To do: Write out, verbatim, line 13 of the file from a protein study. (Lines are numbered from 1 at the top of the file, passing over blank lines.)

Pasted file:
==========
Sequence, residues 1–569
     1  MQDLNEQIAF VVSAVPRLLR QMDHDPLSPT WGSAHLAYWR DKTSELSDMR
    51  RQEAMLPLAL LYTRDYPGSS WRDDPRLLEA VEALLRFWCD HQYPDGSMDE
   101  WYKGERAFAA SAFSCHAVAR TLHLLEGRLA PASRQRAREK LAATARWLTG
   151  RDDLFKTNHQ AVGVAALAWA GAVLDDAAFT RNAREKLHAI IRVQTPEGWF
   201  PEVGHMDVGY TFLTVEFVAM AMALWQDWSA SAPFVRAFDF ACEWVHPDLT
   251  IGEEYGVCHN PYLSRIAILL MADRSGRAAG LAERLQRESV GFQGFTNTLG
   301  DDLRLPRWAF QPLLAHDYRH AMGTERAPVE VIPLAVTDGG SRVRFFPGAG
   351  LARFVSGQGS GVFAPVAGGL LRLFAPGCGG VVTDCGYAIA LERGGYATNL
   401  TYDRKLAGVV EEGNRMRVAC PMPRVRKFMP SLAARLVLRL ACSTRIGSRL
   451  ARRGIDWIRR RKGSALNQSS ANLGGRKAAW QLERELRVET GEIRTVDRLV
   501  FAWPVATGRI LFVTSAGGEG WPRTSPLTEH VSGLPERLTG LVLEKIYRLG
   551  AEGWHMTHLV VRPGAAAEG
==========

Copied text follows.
   551  AEGWHMTHLV VRPGAAAEG